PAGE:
For most people, making a speech strikes terror in the heart. Rare is the person who is comfortable stepping up to a microphone and giving voice to ideas, even if he or she is an expert on the subject at hand. There is a mystique about public speaking, that you have to step outside of yourself to speak just because a bunch of people are listening. That's probably why many speeches sound as wooden or nervous as the speaker, which in turn makes the audience bored or nervous, too.
There are a number of reasons for this fear of speechmaking, including shyness and a fear of being judged. But I believe that one of the biggest obstacles to success as a speaker isn't jitters but a lack of preparation.
It's no different than getting ready for an athletic contest, a business meeting or writing a column. You need to be organized, so the performance flows and seems spontaneous, not forced. That spontaneity is the result of knowing exactly what you are going to do once you get up there.
Part of being prepared is studying how successful speakers work. Watch their body language, how they relate to the audience, how they phrase their comments. See which remarks get a response from the listeners. Do they have a script or do they speak without notes? Do they make eye contact with everyone in the room? What is it that makes them so appealing to the audience?
Once it is you up there you have to be yourself, but you have to learn how to project that to a large audience. Practice speaking in front of a friend or family member. Find out how your voice sounds. Speak loudly enough so people can understand what you are talking about. Too many speakers, with or without amplification, don't speak loudly enough. Be forthright, passionate and, above all, enthusiastic, even if you are talking about something that on paper might be less than scintillating.
In fact, I should step back a moment and say that whatever you are going to say has to be of interest to your audience. Many speakers start off with something humorous to get the audience to identify with them, but make sure the story really is funny. I've seen speakers start off with a corny story and immediately lose their audience because the audience doesn't think the rest of their remarks are going to be any better.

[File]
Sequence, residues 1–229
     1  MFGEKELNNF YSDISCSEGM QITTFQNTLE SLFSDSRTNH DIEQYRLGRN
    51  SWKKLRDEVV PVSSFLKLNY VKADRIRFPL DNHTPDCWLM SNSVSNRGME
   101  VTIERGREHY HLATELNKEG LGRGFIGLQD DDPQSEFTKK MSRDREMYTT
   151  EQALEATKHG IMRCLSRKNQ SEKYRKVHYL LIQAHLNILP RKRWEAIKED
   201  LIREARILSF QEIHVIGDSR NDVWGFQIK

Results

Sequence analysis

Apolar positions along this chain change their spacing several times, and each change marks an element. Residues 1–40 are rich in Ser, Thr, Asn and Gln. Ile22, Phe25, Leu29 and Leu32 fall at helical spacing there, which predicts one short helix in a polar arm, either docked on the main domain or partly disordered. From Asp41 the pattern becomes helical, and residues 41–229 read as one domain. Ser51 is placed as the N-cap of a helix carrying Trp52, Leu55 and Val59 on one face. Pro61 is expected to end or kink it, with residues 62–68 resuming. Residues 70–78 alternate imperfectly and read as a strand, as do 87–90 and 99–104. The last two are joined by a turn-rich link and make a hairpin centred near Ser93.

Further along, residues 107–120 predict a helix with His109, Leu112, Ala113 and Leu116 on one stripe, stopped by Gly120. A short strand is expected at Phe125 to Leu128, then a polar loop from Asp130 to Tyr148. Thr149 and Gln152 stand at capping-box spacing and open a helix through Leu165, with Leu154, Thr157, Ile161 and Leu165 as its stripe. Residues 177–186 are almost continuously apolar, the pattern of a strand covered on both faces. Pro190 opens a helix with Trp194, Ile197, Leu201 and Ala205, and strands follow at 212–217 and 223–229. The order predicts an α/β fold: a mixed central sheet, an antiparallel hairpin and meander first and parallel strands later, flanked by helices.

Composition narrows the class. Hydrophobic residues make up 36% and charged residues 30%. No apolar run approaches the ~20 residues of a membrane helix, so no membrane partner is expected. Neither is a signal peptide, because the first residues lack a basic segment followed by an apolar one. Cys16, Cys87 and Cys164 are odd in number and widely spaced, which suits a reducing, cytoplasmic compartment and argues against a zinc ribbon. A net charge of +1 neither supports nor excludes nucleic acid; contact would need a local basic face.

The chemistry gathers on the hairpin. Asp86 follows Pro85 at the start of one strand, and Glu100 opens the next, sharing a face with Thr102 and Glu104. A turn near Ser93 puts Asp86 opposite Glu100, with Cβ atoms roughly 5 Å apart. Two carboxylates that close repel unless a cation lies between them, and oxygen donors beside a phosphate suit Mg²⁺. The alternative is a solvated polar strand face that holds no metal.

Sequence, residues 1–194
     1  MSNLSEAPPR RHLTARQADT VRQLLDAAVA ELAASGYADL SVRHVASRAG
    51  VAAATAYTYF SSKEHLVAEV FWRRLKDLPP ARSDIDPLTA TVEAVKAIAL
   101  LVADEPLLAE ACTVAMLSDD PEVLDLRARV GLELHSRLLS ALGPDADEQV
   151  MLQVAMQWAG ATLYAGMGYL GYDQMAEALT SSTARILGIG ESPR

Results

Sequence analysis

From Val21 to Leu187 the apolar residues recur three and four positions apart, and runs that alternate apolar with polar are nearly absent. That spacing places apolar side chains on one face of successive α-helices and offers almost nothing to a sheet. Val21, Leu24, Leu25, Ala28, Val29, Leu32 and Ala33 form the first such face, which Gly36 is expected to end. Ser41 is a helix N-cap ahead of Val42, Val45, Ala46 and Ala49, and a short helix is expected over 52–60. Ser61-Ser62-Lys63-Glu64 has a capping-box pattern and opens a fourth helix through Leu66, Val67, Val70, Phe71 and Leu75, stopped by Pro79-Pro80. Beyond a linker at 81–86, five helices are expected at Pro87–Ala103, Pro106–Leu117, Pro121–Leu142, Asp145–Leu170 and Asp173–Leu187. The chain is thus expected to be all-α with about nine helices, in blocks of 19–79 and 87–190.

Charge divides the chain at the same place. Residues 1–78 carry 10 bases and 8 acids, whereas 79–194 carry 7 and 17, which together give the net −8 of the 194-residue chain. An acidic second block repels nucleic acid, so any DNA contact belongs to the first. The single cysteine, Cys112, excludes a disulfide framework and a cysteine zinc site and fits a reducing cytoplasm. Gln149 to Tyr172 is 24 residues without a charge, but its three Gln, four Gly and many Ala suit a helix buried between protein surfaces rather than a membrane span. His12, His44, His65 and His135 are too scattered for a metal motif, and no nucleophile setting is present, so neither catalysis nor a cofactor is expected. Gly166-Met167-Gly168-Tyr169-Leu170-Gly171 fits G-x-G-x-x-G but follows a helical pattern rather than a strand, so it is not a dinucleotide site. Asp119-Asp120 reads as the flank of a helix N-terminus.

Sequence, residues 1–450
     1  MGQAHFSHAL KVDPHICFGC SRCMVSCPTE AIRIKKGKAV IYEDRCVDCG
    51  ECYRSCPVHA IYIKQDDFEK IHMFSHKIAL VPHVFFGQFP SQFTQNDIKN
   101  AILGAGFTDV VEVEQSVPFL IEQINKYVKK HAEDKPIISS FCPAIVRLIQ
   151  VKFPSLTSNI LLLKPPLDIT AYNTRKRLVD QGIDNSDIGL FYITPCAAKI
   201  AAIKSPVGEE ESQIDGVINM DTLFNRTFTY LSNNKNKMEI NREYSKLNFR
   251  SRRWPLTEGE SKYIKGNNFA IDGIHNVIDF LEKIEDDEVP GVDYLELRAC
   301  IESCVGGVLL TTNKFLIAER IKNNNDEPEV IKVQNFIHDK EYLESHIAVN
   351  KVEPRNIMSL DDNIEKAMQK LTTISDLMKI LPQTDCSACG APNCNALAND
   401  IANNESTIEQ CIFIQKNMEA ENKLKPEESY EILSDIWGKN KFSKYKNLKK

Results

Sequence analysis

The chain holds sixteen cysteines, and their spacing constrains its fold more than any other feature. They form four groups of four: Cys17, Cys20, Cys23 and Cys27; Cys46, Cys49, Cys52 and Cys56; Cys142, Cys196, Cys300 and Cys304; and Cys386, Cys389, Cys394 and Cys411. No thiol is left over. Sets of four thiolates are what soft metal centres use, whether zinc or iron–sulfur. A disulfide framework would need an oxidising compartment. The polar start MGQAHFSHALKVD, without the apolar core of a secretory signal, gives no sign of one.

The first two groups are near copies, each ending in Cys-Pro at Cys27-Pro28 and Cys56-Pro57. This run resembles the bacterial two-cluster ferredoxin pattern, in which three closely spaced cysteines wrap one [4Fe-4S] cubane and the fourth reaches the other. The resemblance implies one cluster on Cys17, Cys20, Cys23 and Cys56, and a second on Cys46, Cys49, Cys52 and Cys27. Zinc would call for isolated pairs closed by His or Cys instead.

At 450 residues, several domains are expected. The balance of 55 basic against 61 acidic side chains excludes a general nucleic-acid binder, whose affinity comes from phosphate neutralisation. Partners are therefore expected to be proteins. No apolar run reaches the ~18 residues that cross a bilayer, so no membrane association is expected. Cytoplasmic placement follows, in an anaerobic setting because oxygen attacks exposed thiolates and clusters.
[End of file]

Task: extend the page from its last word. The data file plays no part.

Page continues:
You must match the style and content of your talk to the audience. If the group is a technical one, you can use tech-speak, but make sure to spice it up. People love to be entertained, no matter what time of day it is.
On the other hand, if your content is technical but the audience is a bunch of generalists, you need to rethink how you communicate the information. Good speakers can make any topic thought-provoking and interesting, but that requires hard work and preparation. It's like any other art; good speakers not only know what they are going to say, but they rehearse over and over the comments they wish to make so they don't embarrass themselves or their audience.
If you have prepared text, don't just stand there reading. There is no greater insult to an audience than to read to them from a prepared text. It's boring and rude. If you don't look at your audience, how will they ever identify with you?
I have always found that the greatest teaching tool for speakers is the video camera. You get to witness your own performance without embarrassing yourself in front of an audience first. You get to see how you look while speaking, how your voice sounds and how the content comes across. For some this is a difficult experience, as you see yourself making mistakes or appearing stiff and uninteresting. It's a great learning tool, however. You'll see things you never dreamed you would do when in front of an audience, but these mistakes often are correctable.
Your own video image isn't the only way to learn. Television is a good place to see all kinds of speeches. See how ministers communicate and reach out to the audience. Watch politicians at work on C-SPAN or other cable stations. These are professional speakers and they can teach you some tricks of the trade.
Dress appropriately. No matter whom you are talking to, you should have enough respect for them to wear serious clothing. You have been invited to speak to them, after all, so act like a guest. Look smart, act smart and be well-groomed. If you don't take yourself seriously, nobody else will.
Finally, brevity is important. Don't overestimate your audience's patience. Speak clearly, concisely and with conviction, and then get off the stage. I have never heard anyone say, "I wish he or she had spoken longer."
Practice all of these things, and then get out there and start speaking. It will help raise your profile within your industry and especially within your company. It's a great way to get noticed for your knowledge and your skills. If you want to advance in your career quickly, public speaking should be an important part of your resume. Conversely, avoiding speaking can impair your career. If you consistently turn down speaking engagements, people notice and wonder why.
So once you have prepared and rehearsed and have your information at your fingertips, it's time to bite the bullet and step onto the stage. As someone once said, "Be brave. Even if you're not, pretend to be. No one can tell the difference."
Don't be shy,
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Lauer is the author of two books, Reach for the Stars and Soar with the Eagles. For more information, go to www.chucklauer.com